As the midpoint of the United Nations Decade for People of African Descent, 2020 offers engaged citizens a useful inflection point to assess progress on key policy concerns for communities of African descent across Canada. Despite the Government of Canada’s early reluctance to acknowledge the Decade, and the belated acknowledgement by federal and provincial leaders of the persistence of anti-Black racism, we arrive into this new decade with the health and wellbeing of Black Canadians under more scrutiny than ever before.
What we find when we peer into the microscope and focus on Canada’s health systems is a work in progress: an uneven blend of institutions who acknowledge discrimination in health service provision and policymaking but act with a lack of urgency in attempting to remedy systemic discrimination. Policymakers often still fall into the trap of reducing discussions of racism in health systems to a challenge of individual bad behaviour rather than confronting the larger issue: an uneven and unjust distribution of ill health along racial lines. Initiatives like cultural competency training and increased diversity among organizational leaders are important, but they only scratch the surface of the challenges that Black Canadians face with health inequities – and that is if health authorities even venture to take these initiatives seriously. What is needed is a complete overhaul of the processes that provincial governments use to develop and implement health policy.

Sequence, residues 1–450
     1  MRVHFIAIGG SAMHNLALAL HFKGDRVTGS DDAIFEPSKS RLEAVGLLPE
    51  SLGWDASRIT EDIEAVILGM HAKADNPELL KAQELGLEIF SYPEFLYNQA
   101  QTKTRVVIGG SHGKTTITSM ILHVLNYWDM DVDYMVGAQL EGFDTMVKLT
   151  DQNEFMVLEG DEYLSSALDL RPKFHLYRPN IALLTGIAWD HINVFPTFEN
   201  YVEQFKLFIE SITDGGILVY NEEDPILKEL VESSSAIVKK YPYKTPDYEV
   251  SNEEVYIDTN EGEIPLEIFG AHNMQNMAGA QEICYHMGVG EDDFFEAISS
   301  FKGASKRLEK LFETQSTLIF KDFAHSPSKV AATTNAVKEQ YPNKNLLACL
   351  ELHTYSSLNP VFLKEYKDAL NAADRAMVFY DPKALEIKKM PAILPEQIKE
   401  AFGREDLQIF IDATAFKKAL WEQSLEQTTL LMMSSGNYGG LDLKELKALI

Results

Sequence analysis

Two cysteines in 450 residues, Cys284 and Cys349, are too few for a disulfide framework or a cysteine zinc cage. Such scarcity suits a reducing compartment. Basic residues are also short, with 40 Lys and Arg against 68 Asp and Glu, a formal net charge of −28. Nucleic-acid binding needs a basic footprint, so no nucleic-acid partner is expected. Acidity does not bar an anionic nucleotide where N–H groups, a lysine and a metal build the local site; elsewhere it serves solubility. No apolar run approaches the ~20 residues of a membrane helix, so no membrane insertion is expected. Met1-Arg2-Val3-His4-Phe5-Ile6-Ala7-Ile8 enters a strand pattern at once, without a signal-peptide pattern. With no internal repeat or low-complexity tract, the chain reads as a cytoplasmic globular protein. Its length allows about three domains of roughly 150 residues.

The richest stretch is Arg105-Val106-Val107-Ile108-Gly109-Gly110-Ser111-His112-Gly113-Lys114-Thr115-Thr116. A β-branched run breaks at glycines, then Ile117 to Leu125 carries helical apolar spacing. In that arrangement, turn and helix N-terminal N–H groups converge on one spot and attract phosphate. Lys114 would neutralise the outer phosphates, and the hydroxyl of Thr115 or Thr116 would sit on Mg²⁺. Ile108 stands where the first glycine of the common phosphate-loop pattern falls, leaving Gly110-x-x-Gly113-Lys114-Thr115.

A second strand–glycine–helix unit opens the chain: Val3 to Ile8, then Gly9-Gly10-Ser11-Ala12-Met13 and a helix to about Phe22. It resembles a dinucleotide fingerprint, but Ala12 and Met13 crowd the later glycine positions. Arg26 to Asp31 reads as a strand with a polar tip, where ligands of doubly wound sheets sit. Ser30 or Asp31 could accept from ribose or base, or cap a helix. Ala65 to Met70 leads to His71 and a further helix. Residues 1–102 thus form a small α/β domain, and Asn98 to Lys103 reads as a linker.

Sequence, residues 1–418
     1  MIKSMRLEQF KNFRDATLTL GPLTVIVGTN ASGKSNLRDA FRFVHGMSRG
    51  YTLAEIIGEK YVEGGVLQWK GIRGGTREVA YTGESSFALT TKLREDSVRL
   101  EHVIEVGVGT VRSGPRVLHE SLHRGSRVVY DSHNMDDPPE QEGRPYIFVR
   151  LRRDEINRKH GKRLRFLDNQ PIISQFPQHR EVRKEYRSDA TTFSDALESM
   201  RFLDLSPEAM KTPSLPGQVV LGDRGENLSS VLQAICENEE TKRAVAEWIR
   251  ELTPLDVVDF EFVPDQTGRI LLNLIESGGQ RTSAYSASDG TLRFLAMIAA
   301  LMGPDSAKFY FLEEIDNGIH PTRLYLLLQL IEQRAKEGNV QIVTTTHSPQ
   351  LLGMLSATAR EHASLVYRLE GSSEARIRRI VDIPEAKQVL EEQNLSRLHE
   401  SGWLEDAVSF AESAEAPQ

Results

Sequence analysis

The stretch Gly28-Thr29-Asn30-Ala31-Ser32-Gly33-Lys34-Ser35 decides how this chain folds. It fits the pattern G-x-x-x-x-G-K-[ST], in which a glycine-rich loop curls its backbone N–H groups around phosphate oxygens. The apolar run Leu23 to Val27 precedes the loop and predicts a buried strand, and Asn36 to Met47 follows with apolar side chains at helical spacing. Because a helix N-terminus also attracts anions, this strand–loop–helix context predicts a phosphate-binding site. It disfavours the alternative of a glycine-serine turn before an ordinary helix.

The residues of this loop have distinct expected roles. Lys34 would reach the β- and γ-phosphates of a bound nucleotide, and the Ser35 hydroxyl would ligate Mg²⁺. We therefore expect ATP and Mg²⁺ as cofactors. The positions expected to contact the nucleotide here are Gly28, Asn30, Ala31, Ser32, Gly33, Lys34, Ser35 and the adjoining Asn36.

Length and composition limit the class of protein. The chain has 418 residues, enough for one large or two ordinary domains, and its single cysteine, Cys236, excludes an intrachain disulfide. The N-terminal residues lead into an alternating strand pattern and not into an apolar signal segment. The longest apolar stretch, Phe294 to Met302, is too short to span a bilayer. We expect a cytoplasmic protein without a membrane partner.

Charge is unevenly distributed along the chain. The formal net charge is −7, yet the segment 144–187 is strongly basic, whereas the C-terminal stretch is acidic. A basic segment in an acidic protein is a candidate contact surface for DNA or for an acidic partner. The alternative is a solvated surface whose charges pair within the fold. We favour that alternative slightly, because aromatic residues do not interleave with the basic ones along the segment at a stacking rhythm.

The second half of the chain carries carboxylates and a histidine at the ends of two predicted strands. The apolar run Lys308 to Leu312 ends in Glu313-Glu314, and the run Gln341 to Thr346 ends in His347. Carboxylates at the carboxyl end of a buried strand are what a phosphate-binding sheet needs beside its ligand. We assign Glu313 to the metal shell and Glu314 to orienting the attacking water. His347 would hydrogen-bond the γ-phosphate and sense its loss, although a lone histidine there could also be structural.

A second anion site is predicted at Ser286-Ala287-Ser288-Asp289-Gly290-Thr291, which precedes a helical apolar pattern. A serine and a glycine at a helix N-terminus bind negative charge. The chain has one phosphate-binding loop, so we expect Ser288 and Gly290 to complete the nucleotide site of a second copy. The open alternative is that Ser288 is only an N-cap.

One of many reasons for the neglect of racial health inequities across the country has been the lack of disaggregated race-based health data that could further illustrate the extent to which racism affects the health and healthcare of Black Canadians. Without data to better describe the extent of health inequities for Black Canadians, policy progress is tenuous. Individual experiences of discrimination, similar to those highlighted above, are ignored or removed from their broader systemic context. System-wide challenges of low service utilization and increased rates of chronic disease including hypertension and diabetes among people of African descent can be explained away due to other contextual factors. The lack of urgency within governments about health inequities becomes, in this framing, understandable. It is indicative of the processes of social and economic exclusion that underpin racism as a “fundamental cause” of health inequities (Williams, Lawrence, & Davis, 2019).
The importance of disaggregated data collection for African Canadian communities applies to contexts broader than health – policing, education, environmental policy and more are all affected by processes of aggregation. We must be careful, however, to avoid the mistake of suggesting that the findings of this data may be more valid than the experiences and advocacy of community members. Doing so would simply reproduce the processes of exclusion that already exist. Moreover, the data that does exist largely confirms and doubles-down upon the suspicions and lived experiences that community members have been discussing for years.
This data collection is, nonetheless, a vital step for governments that are ready to take the concerns and experiences of Black Canadians seriously. When paired with long-term, authentic processes of engagement and policy co-design, this step could mark a decade of true reform. Recognition is not enough – the tools to dismantle health inequities already exist. It is high time that we begin to use them.